Elie Seidman used to be the chief executive officer at Tinder. These days, he's digging into a different kind of match-making, pairing eager homeowners with organic fruit trees, evergreens and houseplants of their dreams at Fast Growing Trees. He tells D2C Insider about his plans for the 20-year-old company as it transitions from mail-order nursery to data-driven landscaper.
D2C Insider: You were the CEO of OKCupid, and then Tinder until 2020. Since then, you've been doing angel investing and advising. What drew you to a CEO role in landscaping?
Elie Seidman: That work still takes up a lot of my time. Two private equity funds now own Fast Growing Trees, and I knew Zack Kaplan from Cove Hill Partners. He called me in the fall of 2021, and it intrigued me. I grew up in suburban Chicago in a subdivision with cookie-cutter houses. My mom is a landscape enthusiast, and she's transformed that yard. I've seen how impactful a hobby it was for her and how much emotional attachment she has to it. So I joined the board in early 2022.
D2C Insider: What are your annual sales, and what does the growth look like?
Seidman: We don't give up the exact number, but we're a scaled business, acquired for lots of money by these two private equity funds. We've sold almost 10 million trees since 2008 and advised half a million gardeners. It's been growing year over year. The company started in 2003, and the ecommerce part of gardening has been strong for the past six years. We've been growing at a 30% to 40% annual rate for a long time. It's got a lot of potential. Most of what people buy for their yards, and trees in particular, are still purchased at physical retail locations. It's way behind other categories in ecommerce adoption.
D2C Insider: All consumers? Or landscapers, too?
Seidman: Predominantly consumer. But we look at it through the lens of engagement. To enthusiasts, this is an important hobby. They're invested emotionally and financially. They want to get it right. They're looking for expertise, and we are the best and most consistent source. We're a great resource if you're thinking of buying something and you're not sure if it will work for your climate or your skill level, shade versus sun, or your soil.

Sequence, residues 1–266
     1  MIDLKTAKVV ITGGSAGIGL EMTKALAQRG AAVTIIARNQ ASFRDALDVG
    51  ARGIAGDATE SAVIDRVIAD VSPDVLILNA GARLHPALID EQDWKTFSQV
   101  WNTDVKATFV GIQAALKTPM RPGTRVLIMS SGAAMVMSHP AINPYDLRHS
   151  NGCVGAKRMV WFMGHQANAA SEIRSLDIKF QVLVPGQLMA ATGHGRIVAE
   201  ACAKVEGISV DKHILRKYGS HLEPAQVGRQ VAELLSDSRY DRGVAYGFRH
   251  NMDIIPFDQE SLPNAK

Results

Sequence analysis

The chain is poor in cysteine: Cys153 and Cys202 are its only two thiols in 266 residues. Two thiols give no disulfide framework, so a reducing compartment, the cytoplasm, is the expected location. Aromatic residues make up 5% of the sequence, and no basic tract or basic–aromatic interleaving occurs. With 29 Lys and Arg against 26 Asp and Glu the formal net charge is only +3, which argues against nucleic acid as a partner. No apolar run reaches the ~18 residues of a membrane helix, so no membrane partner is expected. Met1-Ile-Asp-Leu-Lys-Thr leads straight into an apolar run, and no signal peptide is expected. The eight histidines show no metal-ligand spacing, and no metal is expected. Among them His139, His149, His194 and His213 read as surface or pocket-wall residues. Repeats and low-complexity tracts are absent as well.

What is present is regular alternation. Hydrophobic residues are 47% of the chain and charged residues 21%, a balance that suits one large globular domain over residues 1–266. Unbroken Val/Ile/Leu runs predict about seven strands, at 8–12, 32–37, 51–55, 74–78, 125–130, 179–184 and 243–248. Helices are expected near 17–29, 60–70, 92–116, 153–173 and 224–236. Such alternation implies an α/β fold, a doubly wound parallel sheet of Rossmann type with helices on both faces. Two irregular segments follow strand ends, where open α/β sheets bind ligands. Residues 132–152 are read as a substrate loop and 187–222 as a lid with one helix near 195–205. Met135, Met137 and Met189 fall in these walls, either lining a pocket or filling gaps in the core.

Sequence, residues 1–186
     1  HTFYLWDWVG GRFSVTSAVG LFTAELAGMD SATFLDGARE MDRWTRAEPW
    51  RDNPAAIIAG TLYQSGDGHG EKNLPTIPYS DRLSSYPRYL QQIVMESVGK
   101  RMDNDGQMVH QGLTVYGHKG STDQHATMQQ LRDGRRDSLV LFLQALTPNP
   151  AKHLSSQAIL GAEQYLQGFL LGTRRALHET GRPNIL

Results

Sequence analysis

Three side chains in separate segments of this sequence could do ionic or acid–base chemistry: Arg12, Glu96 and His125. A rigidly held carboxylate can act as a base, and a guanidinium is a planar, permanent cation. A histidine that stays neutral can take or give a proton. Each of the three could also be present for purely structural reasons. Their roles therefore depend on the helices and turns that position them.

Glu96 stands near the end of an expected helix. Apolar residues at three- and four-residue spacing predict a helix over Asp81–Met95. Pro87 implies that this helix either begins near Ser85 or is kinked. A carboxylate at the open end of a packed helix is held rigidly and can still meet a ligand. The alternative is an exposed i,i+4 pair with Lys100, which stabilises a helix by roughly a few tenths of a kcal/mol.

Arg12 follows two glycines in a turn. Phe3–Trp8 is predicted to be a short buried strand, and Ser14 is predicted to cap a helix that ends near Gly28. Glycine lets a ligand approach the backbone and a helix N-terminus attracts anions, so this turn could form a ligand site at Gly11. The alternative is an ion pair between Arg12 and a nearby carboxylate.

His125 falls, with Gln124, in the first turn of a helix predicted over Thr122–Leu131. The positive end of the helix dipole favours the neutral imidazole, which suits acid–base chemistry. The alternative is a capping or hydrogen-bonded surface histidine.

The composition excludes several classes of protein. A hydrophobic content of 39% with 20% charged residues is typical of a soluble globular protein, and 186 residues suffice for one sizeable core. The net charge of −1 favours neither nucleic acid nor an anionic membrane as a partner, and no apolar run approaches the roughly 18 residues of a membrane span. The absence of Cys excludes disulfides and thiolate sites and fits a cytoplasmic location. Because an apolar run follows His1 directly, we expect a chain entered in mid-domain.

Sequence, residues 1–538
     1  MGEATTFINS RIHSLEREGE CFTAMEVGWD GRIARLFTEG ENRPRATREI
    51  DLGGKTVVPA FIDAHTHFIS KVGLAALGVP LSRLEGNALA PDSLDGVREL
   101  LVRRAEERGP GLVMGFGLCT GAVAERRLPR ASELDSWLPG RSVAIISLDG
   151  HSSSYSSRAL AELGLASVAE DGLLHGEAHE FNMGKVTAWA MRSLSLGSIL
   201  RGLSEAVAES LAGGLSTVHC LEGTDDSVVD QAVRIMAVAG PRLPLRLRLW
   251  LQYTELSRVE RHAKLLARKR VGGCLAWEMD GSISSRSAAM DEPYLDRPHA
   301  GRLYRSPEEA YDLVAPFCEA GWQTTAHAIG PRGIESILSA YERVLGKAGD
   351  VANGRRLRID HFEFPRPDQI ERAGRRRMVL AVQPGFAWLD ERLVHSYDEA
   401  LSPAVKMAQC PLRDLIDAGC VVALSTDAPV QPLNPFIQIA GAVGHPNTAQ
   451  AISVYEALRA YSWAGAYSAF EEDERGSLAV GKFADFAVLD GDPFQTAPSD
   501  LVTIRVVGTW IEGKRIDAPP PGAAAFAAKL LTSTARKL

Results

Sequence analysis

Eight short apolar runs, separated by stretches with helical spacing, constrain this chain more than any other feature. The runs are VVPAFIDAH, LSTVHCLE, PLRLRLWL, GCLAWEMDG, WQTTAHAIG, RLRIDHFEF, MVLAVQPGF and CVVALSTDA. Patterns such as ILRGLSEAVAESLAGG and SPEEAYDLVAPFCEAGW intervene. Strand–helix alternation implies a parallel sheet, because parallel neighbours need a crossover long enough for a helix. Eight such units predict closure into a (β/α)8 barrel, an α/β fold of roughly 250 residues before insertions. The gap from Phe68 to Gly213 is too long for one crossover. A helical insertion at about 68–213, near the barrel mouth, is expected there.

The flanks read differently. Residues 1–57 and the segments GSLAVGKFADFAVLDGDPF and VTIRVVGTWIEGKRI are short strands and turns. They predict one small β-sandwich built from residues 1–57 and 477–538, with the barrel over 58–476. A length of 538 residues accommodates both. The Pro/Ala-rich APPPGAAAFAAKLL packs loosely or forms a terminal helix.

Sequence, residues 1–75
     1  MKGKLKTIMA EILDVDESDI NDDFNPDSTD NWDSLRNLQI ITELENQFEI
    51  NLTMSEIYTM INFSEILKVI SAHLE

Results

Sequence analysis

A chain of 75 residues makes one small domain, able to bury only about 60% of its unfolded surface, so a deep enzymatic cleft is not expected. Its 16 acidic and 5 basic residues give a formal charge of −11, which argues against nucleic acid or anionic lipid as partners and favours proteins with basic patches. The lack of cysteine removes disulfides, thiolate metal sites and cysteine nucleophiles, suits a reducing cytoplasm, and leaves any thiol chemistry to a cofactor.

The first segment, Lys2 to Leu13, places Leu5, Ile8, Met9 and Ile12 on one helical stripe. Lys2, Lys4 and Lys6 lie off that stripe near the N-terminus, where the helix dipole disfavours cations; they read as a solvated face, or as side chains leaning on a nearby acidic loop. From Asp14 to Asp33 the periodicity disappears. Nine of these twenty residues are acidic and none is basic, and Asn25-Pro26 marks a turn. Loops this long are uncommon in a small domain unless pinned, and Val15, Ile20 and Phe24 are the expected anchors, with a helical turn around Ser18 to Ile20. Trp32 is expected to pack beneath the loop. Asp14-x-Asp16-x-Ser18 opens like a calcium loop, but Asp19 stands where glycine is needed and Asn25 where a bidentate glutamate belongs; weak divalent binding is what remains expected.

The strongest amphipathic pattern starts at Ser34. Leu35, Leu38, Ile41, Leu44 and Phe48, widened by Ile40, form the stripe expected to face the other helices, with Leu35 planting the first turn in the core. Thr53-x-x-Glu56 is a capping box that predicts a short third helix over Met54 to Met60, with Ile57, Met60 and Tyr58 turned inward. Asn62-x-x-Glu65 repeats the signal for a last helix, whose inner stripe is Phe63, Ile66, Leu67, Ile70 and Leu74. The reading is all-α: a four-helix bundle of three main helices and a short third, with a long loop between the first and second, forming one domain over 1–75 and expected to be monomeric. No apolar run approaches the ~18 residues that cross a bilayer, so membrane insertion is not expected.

D2C Insider: Mostly affluent suburbanites?
Seidman: Yes. They see their yards as part of the experience of their home. People start small, buying some annuals at a garden center. They like how it feels, so they do a little more. And then more. And eventually, they get to where they say, "I want to make big changes. I want a set of privacy trees. I want fruit I can eat from my backyard."
So we're targeting intense enthusiasm with a lot of skill levels. Some people are already experts and very adventurous, while others need much help. They want to trust somebody. We're the experts for them.
D2C Insider: How do they tap your expertise?
Seidman: They reach our plant experts by phone, email or chat.
D2C Insider: This is an older D2C company. If you were setting it up today, what would you do differently?
Seidman: Some people call what we are doing refounding, imagining we have a clean sheet of paper. We have an existing business, loyal customers, brand reputation, and lots of capabilities in plant science and expertise.
But what would we do differently if we were unbound by decisions we made before? One thing is visualization. People want to visualize how many trees they'll need in a location and the difference between planting three-foot trees and seven-foot trees. They want to see what it will look like in the future. So we want to build that kind of software, and you'll see some cool stuff from us in the coming years.
Right now, our expertise is on the phone and in self-service areas. If you try to buy a plant that won't work in your zone, we won't ship it to you. But you'll soon see it in our software, too, which will be delightful to use.
D2C Insider: Who are your main competitors?
Seidman: Local garden centers, Home Depot, Lowe's and Walmart. But we're mainly competing with the lack of awareness for ecommerce as an option at all. It's not exactly analogous to how much better it was to do ecommerce for books than a traditional retailer, but there are some analogies. People can come to us for precise expertise about soil quality, watering, and personal skill levels.
D2C Insider: What's the biggest segment?
Seidman: The majority of our business is in trees and then shrubs. Trees are a complicated customer journey for people who want to buy something special and make a significant investment. It needs to be right. Should I buy a bigger one and get fruit in year one? Or should I buy a more affordable smaller one and be patient?
D2C Insider: What are your best sellers?
Seidman: Meyer Lemon and avocado are popular, and various evergreens, typically for privacy, like Green Giant Thuja. Not surprisingly, it varies a lot by where you live.
D2C Insider: Do you have a favorite?
Seidman: I'm interested in things that smell good or blow in the breeze. I live in Austin, Texas, and love that pink muhly grass. And because I spent a lot of time in southern California, I love the smell of jasmine vines.
D2C Insider: What's your marketing strategy?
Seidman: Word of mouth is the most important one. Because our customers find we make the whole process less stressful, they refer friends who are also gardeners. That's been important from the beginning. This year, we're making a big push into social media, especially Facebook and Instagram, with advertising and educational content. Google's shopping product is important.
D2C Insider: Do you work with an agency?
Seidman: We work with freelancers and some small boutique agencies. But the center of gravity is in-house.
D2C Insider: How many people are on your staff?
Seidman: In customer service, it flexes dramatically depending on the season. Spring and fall are really busy. At our peak, we're about 300 people.